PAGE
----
World's biggest consumers hold new hope for environment
provided by Worldwatch Institute
pending billions of dollars annually on goods and services often more than the gross domestic product (GDP) of entire countries corporations, international organizations, universities, and other large institutions are key in fostering the shift towards an environmentally sustainable world, reports a new study from the Worldwatch Institute. Through their daily purchases, these mega-consumers hold considerable sway over the health and stability of many of the world's most fragile ecological systems, says Worldwatch Research Associate Lisa Mastny, author of Purchasing Power.
While environmentalists have worked for decades to win the hearts and minds of individuals, some of the world's biggest consumers have remained out of the spotlight, says Mastny. Yet their enormous and often environmentally devastating purchases of everything from gas-guzzling vehicle fleets to cancer-causing cleaning supplies can have far greater consequences for the future of our planet than the buying habits of most individual households.
In some industrial countries, government purchasing accounts for as much as 25 percent of GDP. Government procurement in the European Union alone totaled more than $1 trillion in 2001, or 14 percent of GDP. In North America, it reached $2 trillion, or about 18 percent of GDP. Universities, too, spend billions of dollars each year, on everything from campus buildings to cafeteria food. In the United States, colleges bought some $25 billion in goods and services in 1999 equivalent to nearly 3 percent of US GDP. And the United Nations spent nearly $14 billion on goods and services in 2000.
Because of the large-scale, systematic approach that most institutions take in their purchasing, a single decision made by one professional buyer or purchasing department can have a tremendous ripple effect, influencing the products used by hundreds or even thousands of individuals.
By that same token, says Mastny, just one environmentally focused purchasing policy or guidance if properly implemented and enforced can bring widespread benefits to an institution. By investing in everything from energy-efficient lighting to organic food, growing numbers of businesses, government agencies, hospitals, and other organizations are not only creating safer and healthier workplaces, but are also saving money.
If enough demand for green products is generated, entire markets can shift. A few notable successes point to the tremendous power of green purchasing:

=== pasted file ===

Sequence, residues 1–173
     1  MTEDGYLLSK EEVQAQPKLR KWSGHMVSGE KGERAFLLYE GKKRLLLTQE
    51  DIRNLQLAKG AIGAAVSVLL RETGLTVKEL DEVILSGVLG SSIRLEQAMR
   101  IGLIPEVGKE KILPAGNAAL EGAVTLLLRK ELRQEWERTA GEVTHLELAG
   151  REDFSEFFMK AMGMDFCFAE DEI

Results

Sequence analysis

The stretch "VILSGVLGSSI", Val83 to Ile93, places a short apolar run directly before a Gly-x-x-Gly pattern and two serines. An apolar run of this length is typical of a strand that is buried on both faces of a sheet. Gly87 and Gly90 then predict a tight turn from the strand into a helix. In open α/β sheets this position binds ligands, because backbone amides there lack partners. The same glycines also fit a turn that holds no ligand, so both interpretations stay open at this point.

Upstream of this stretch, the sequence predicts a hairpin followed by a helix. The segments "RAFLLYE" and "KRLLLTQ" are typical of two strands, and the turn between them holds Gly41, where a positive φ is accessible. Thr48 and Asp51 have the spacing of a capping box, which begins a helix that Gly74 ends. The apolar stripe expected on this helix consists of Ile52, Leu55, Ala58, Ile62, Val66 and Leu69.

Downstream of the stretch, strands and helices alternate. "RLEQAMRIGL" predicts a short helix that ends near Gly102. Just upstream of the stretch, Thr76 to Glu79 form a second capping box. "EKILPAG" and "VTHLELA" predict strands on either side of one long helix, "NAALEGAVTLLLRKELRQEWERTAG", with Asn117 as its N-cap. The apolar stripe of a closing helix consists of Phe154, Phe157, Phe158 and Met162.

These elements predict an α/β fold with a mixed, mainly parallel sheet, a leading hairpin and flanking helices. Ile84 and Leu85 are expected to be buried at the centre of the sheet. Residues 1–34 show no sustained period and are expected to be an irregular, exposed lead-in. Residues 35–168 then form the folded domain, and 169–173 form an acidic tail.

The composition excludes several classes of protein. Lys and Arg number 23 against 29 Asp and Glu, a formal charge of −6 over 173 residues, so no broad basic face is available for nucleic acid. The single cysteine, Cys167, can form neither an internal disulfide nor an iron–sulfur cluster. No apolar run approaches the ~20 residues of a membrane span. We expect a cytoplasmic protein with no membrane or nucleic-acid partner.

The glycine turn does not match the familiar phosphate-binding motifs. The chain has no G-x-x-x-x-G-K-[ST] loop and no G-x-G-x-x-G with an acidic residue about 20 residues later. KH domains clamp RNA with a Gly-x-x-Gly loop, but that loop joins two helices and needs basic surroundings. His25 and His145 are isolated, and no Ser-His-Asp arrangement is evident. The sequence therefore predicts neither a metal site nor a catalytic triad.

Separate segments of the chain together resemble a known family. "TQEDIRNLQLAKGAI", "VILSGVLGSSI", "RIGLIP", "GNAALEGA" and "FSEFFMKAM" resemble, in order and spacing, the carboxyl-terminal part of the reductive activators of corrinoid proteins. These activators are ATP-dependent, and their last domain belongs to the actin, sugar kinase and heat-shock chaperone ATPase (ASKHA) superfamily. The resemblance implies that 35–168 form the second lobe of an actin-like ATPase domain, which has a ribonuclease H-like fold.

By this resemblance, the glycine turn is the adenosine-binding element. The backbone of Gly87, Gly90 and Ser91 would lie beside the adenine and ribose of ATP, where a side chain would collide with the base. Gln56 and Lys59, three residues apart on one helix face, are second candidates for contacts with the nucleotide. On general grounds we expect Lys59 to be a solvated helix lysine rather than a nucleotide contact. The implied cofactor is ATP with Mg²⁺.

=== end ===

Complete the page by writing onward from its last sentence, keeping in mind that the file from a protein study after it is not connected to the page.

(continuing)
But while green purchasing initiatives are blossoming in the world's wealthier nations, the question remains of how to jump-start a similar movement in the developing world. Although overall resource use in these countries is still relatively low compared to industrial countries, rising consumer demand will make strengthening local markets for environmentally sound technologies from renewable energy to non-chlorine bleached recycled paper increasingly important.
Mastny says that one way institutions can help spread green purchasing in developing countries is by using their own procurements to strengthen local green markets. By seeking to buy a greater portion of their goods and services from local green suppliers, leading international players like the United Nations, the World Bank, and multinational corporations can not only stimulate green markets, but also combat mounting criticism about the environmental impacts of their activities.
Green purchasing will never be a magic solution to the world's rampant resource consumption, but it does offer tremendous opportunities for lessening the impacts, says Mastny. And as more and more institutions realize the benefits of buying green in terms of employee health, the environment, and their own bottom-lines groups that disregard environmental factors risk being left behind.
Tips for Greening Purchasing Contracts
To green contracts with suppliers, purchasers can ask that:
Worldwatch Paper 166: Purchasing Power: Harnessing Institutional Procurement for People and the Planet costs $5 plus shipping and handling, and can be purchased through the Worldwatch website www.worldwatch.org) or by calling (888) 544-2303 (in US) or (570) 320-2076 (from overseas), or by faxing (570) 320-2079.
The Worldwatch Institute is an independent research organization, based in Washington, D.C., that works toward the evolution of an environmentally sustainable and socially just society in which the needs of all people are met without threatening the health of the natural environment or the wellbeing of future generations.
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